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Permanent URL to this publication: http://dx.doi.org/10.5167/uzh-49282

Aitman, T J; Boone, C; Churchill, G A; Hengartner, M O; Mackay, T F C; Stemple, D L (2011). The future of model organisms in human disease research. Nature Reviews. Genetics, 12(8):575-582.

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Model organisms have played a huge part in the history of studies of human genetic disease, both in identifying disease genes and characterizing their normal and abnormal functions. But is the importance of model organisms diminishing? The direct discovery of disease genes and variants in humans has been revolutionized, first by genome-wide association studies and now by whole-genome sequencing. Not only is it now much easier to directly identify potential disease genes in humans, but the genetic architecture that is being revealed in many cases is hard to replicate in model organisms. Furthermore, disease modelling can be done with increasing effectiveness using human cells. Where does this leave non-human models of disease?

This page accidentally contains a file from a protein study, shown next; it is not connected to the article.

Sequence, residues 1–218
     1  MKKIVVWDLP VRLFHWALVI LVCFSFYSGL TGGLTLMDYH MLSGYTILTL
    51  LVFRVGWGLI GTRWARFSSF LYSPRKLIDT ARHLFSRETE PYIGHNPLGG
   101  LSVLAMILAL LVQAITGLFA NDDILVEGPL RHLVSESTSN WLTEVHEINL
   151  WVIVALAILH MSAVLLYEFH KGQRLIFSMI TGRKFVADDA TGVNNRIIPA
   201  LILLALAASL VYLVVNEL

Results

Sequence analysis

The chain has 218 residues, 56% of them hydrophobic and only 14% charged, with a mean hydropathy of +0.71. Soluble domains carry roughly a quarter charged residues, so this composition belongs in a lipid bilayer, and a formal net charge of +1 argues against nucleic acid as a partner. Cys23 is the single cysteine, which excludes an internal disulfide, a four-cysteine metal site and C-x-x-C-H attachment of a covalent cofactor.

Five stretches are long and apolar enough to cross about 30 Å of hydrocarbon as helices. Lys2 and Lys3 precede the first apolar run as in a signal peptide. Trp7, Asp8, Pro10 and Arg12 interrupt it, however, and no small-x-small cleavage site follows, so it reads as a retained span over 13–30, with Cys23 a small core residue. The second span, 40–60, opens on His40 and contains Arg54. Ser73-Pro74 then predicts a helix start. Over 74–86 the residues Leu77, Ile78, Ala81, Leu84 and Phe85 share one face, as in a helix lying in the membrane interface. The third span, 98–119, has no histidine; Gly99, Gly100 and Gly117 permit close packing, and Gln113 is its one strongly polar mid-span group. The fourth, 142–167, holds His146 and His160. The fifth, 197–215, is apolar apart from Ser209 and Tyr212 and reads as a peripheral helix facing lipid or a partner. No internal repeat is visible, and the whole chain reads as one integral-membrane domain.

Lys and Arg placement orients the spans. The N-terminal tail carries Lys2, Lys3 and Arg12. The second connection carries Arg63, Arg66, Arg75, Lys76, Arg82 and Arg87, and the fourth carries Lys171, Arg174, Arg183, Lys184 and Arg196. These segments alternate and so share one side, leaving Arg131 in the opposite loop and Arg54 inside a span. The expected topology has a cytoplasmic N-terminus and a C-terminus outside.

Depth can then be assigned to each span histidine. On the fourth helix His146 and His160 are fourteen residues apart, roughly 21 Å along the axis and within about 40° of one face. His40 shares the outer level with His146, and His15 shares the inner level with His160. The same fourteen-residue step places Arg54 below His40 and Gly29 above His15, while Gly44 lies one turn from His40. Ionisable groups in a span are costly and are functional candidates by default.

Item Type:Journal Article, refereed, further contribution
Communities & Collections:07 Faculty of Science > Institute of Molecular Life Sciences
DDC:570 Life sciences; biology
Deposited On:06 Sep 2011 13:34
Last Modified:01 Dec 2013 01:56
Publisher:Nature Publishing Group
Publisher DOI:10.1038/nrg3047
PubMed ID:21765459
Citations:Web of Science®. Times Cited: 14
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Scopus®. Citation Count: 18

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